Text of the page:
When Gennaro Lombardi ventured into the gritty streets of Little Italy in 1905 to establish his eponymous pizzeria, he likely never imagined the culinary legacy he would bequeath to New York City and the nation at large. At that time, Little Italy was a hotbed of criminal activity, teeming with thieves, murderers, and a burgeoning community of Italian immigrants. Among these immigrants were the pizza makers who would soon help define America’s gastronomic landscape.
In the early 20th century, approximately two million Italians poured into the United States, with thousands crowding into the nearby Five Points neighborhood. The streets bustled with vendors hawking fruits and vegetables, notably in the neighborhood’s notorious “Mulberry Bend.”
Fast forward 118 years, and Little Italy has undergone a remarkable transformation. It’s now a haven for both trendy and traditional Italian restaurants, with tourists and locals alike flocking to Lombardi’s, a beacon of culinary history and the first pizzeria recognized by the Pizza Hall of Fame.
However, Lombardi’s journey has not been without its challenges. A decade-long hiatus followed a financial downturn in 1984, temporarily shuttering its doors. Yet, the legacy remained intact. Today, Lombardi’s proudly wears the mantle of the first pizzeria in America, a title it fiercely defends despite competing claims.
Pizza historian Peter Regas has cast doubt on Lombardi’s origin story, suggesting that Filippo Milone played a significant role in the evolution of New York-style pizza. According to Regas, Milone established grocery stores that eventually transformed into pizzerias, and Lombardi’s was merely one of these adaptations. However, no concrete evidence substantiates these claims, and Lombardi’s steadfastly maintains its version of events.
Throughout the years, the Lombardi family has been unwavering in preserving their pizza-making traditions. Gennaro Lombardi III, the grandson of the founder, alongside his childhood friend John Brescio, rekindled the flavors of their youth in 1994 when they reestablished Lombardi’s at a new location. Their bond with the pizza is deeply personal, with Brescio reminiscing about throwing dough with Gennaro Lombardi himself as a child.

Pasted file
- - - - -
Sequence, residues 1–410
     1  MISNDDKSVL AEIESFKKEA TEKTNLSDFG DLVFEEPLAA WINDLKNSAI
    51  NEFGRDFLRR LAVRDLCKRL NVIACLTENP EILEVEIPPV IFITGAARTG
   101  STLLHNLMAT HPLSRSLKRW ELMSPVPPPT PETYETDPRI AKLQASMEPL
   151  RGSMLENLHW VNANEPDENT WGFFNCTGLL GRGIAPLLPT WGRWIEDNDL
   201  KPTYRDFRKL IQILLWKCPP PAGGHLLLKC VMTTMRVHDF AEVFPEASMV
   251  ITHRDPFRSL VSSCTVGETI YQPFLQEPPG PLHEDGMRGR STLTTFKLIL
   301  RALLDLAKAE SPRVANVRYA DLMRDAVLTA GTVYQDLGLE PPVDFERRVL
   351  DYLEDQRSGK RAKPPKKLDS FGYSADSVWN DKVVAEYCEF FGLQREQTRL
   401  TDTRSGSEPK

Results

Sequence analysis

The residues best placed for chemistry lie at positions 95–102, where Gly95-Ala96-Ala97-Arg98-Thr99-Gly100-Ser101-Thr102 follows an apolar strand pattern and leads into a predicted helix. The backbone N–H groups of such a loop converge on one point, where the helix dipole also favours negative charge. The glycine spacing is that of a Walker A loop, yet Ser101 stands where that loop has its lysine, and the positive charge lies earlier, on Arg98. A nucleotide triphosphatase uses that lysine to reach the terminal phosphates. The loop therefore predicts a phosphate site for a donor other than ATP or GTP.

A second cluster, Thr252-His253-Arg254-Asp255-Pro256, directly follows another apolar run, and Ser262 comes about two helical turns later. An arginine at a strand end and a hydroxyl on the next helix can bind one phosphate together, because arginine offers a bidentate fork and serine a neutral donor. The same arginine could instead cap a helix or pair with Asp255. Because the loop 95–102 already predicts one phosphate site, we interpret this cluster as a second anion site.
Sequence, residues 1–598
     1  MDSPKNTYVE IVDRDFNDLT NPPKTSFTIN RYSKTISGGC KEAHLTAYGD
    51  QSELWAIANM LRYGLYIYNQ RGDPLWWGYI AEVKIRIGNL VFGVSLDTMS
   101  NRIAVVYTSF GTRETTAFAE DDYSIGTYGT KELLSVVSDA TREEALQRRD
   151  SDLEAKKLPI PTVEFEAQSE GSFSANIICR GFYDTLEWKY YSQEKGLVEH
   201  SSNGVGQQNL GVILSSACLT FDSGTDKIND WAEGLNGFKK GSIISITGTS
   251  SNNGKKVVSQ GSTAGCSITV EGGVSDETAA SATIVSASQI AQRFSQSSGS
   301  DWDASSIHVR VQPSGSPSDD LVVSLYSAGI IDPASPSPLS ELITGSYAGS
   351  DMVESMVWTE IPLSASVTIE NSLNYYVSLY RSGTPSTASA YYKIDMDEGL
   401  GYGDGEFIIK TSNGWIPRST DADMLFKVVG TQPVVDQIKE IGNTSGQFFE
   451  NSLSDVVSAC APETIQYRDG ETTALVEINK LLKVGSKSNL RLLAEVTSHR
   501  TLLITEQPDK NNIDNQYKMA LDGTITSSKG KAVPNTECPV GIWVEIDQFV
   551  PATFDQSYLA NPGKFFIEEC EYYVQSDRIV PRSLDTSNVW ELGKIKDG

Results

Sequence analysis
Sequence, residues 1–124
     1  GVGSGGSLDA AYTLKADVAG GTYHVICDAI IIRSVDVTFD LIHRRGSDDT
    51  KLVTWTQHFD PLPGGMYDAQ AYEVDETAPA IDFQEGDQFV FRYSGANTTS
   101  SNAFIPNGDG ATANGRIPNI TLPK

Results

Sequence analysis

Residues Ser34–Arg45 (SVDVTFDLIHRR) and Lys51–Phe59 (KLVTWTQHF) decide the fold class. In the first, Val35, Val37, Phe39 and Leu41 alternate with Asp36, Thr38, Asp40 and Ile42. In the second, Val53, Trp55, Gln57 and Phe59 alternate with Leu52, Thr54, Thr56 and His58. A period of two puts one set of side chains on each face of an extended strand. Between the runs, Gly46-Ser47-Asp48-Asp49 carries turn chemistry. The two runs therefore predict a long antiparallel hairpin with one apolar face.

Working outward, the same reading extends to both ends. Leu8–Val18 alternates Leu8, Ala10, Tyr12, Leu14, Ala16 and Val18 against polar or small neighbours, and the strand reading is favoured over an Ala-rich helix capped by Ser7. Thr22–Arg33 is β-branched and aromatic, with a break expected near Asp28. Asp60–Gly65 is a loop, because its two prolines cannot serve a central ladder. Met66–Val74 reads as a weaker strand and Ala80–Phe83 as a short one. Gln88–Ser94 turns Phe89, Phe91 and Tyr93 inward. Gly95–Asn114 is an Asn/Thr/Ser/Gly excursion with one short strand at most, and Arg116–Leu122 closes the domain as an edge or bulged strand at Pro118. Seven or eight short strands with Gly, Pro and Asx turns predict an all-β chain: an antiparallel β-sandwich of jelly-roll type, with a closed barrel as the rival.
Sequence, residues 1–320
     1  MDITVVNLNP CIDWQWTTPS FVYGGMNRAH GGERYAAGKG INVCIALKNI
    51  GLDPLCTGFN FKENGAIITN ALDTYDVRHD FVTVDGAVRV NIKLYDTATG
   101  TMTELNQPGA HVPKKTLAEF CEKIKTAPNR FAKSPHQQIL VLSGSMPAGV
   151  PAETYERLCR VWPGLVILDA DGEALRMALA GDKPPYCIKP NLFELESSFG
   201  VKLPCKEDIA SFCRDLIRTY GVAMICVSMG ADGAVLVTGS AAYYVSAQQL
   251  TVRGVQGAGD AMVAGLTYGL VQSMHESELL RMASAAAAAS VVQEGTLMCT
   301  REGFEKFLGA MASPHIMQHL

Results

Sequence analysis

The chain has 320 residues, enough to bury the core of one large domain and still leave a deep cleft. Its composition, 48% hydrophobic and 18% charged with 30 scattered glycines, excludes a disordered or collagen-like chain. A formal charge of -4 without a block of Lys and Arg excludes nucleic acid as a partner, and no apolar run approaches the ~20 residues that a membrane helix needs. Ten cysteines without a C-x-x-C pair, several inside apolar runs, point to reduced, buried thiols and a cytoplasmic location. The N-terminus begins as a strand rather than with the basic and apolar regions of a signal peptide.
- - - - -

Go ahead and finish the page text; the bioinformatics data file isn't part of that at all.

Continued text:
The move to their current location was necessitated by the vibrations of the subway running beneath their previous site. In an act of homage, Brescio salvaged the doors from the original pizza oven and installed them in their new establishment.
Lombardi’s timeless appeal lies in its commitment to tradition. The famous Margherita pizza recipe, a favorite since 1905, still reigns supreme. San Marzano tomatoes from the Stanislaus company form the heart of their sauce, while fresh mozzarella lends creamy richness to every slice. The dough, light yet chewy, boasts the perfect hint of browning from the scorching embrace of the pizza oven. Basil, the secret ingredient, ties all the elements together with its sweet and aromatic punch.
“We use the best mozzarella, everything the best. That’s part of being successful. It’s worth spending the extra money,” Brescio emphasized, a testament to their unwavering dedication to quality.
Beyond the locals, Lombardi’s has also left an indelible mark on the palates of the rich and famous. The legendary Jack Nicholson, of “The Shining” fame, is known to have a penchant for Lombardi’s pies, often ordering them while watching New York sports games. According to Brescio, when Nicholson returned after an absence, he famously quipped, “I’m back!”
As the pizzeria looks forward to expanding its reach with a new location in Bay Ridge, Brooklyn, set to open in June, there is an air of excitement. Brescio, now retired, is confident that the pizzeria will be bustling with patrons.
Nonetheless, Lombardi’s, like many other businesses, has grappled with the economic challenges posed by the COVID-19 pandemic. Having weathered the Great Depression and the Spanish Flu, the restaurant found itself in uncharted territory with the sudden loss of customers and the expenses associated with socially distanced dining. However, as New York City returns to 100 percent indoor dining capacity, Lombardi’s stands resolute, proudly retaining its title as America’s oldest pizzeria.
In the heart of Little Italy, the story of Lombardi’s continues to be written, one slice at a time, preserving a taste of history that transcends generations.